Andrew Coroneo

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Hours

Monday: 9am-8pm
Tuesday: 9am-8pm
Wednesday: 9am-8pm
Thursday: 9am-8pm
Friday: 9am-8pm
Saturday: 10am-4pm
Sunday: 10am-4pm
Closed on public holidays

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Contact

Phone
02 9391 7100

Email
library@woollahra.nsw.gov.au

Address

Woollahra Library
Level 1, 451 New South Head Road
Double Bay NSW 2028

Hours

Monday: 9:30am-6pm
Tuesday: 9:30am-6pm
Wednesday: 12pm-8pm
Thursday: 9:30am-6pm
Friday: 9:30am-6pm
Saturday: 10am-4pm
Sunday: 10am-4pm* 
Closed on public holidays

*Please note Paddington Library will be opening on Sundays on a trial basis commencing 20 January 2019 and finishing at the end of December 2019.

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Contact

Phone
02 9391 7988

Email
library@woollahra.nsw.gov.au

Address

Paddington Library
Paddington Town Hall
247 Oxford Street,
Paddington NSW 2021

Hours

Monday: 2pm-5pm
Tuesday: 9:30am-5pm
Wednesday: 12pm-7pm
Thursday: 9:30am-5pm
Friday: 2pm-5pm
Saturday: Closed
Sunday: Closed
Closed on public holidays

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Contact

Phone
02 9391 7999

Email
library@woollahra.nsw.gov.au

Address

Watsons Bay Library
The Tea Gardens
8 Marine Parade
Watsons Bay NSW 2030

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Andrew Coroneo was born in Armidale, NSW, his parents coming from the Island of Kythera, Greece in the early 1900's when very young. After the war he lived in Vaucluse attending Vaucluse Public and Randwick Boys' High Schools, then Sydney University. He worked as a pharmacist and later owned a travel agency in Woollahra.

[This recollection is an extract, reproduced with permission, from 'As I remember : recollections of World War II by members of the Woollahra History and Heritage Society and the Eastern suburbs division of the Legacy Club of Sydney', published by the Woollahra History and Heritage Society (WHHS) in 1995.]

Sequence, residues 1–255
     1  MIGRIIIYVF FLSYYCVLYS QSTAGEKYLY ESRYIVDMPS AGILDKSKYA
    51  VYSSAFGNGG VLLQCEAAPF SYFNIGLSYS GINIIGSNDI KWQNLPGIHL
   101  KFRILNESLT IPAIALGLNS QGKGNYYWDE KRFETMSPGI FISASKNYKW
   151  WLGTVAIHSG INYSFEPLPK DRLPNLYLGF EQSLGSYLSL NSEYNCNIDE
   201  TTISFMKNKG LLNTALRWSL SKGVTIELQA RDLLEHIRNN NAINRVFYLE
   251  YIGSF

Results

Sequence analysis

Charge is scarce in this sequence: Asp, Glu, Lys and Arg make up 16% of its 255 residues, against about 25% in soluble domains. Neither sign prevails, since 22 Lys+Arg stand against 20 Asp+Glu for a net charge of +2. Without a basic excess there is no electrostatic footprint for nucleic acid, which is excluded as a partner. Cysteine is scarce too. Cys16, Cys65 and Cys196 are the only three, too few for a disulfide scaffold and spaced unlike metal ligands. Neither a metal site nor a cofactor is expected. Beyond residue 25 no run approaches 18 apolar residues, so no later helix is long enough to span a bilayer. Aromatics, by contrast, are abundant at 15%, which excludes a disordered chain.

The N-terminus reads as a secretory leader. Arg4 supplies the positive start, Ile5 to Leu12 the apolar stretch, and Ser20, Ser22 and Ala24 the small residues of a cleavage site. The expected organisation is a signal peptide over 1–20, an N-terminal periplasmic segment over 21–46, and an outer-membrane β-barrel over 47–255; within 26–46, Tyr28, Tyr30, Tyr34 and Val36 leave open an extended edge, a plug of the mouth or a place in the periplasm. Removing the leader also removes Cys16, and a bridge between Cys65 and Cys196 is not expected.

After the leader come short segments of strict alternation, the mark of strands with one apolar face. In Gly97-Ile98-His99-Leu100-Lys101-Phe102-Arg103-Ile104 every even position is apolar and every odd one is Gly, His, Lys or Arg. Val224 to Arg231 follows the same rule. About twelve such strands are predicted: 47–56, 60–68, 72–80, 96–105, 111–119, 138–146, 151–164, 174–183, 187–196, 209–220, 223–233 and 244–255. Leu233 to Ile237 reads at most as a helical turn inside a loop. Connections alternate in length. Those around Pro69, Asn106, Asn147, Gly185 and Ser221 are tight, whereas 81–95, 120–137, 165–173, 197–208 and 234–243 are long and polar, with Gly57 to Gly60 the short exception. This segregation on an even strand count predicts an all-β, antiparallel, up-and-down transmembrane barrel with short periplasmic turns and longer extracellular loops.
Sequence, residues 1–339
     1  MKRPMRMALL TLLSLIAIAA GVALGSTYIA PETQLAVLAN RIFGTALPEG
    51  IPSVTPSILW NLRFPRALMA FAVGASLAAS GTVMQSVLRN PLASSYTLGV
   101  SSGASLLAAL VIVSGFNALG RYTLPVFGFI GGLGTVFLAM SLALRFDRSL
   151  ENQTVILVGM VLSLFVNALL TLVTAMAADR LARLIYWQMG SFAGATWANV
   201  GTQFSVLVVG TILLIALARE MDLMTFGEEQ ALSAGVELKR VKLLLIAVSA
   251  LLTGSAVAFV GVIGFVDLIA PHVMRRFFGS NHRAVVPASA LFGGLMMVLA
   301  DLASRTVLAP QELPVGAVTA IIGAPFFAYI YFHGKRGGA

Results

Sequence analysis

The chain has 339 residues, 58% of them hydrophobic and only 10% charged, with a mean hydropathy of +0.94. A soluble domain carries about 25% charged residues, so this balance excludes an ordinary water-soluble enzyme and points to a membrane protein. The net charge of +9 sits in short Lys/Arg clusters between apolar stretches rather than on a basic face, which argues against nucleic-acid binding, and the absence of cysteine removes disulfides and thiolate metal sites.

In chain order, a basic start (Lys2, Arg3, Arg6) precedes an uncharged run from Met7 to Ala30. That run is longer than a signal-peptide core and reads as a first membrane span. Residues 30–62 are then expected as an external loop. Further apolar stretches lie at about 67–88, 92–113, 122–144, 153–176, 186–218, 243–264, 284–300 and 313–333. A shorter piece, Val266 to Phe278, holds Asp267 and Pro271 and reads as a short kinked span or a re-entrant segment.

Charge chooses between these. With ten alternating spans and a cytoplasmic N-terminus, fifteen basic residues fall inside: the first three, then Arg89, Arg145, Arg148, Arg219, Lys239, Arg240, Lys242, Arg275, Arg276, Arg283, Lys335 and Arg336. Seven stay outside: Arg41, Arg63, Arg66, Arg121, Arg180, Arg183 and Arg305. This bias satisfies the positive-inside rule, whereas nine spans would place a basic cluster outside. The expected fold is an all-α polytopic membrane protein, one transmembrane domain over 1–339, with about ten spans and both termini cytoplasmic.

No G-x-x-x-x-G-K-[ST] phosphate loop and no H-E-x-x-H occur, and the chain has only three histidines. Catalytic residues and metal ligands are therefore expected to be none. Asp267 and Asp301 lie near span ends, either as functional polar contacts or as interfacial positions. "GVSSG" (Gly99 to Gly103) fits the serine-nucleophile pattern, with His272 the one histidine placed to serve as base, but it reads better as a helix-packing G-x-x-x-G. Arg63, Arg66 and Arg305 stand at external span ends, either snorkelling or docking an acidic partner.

My earliest recollection of World War II is the series of military convoys grinding noisily up the New England Highway outside my family home in Marsh Street, Armidale moving north to Queensland.

To a six to seven year old boy at the time, the excitement of motorised field guns, American camouflaged half-tracks and trucks - these were very distinctive in shape and colour - driving past one's humdrum country home in such large numbers was almost unbearable. I cannot be sure, but the convoys seemed very frequent, sufficiently for me to be counting the total number of vehicles each time, to see how much numerically larger the next convoy would be - I think the record was around 200 separate vehicles.

At about the same time, I remember the visits to our home on their way to Moree from occasional military leave of cousins Spiro (Bill) and George Gengos - a recently retired doctor. The memory of Bill's striking RAAF pilot's uniform is still vivid in my memory of childhood. In recent years, I think of that handsome young man often - the only member of our family to have sacrificed his life in either World War for our 'adopted' country. Bill Gengos was lost over Tobruk, while serving with 108 Squadron RAF, on secondment from 458 Squadron RAAF. It was a sad loss to his loving family and to the New South Wales legal profession which he had looked forward to join.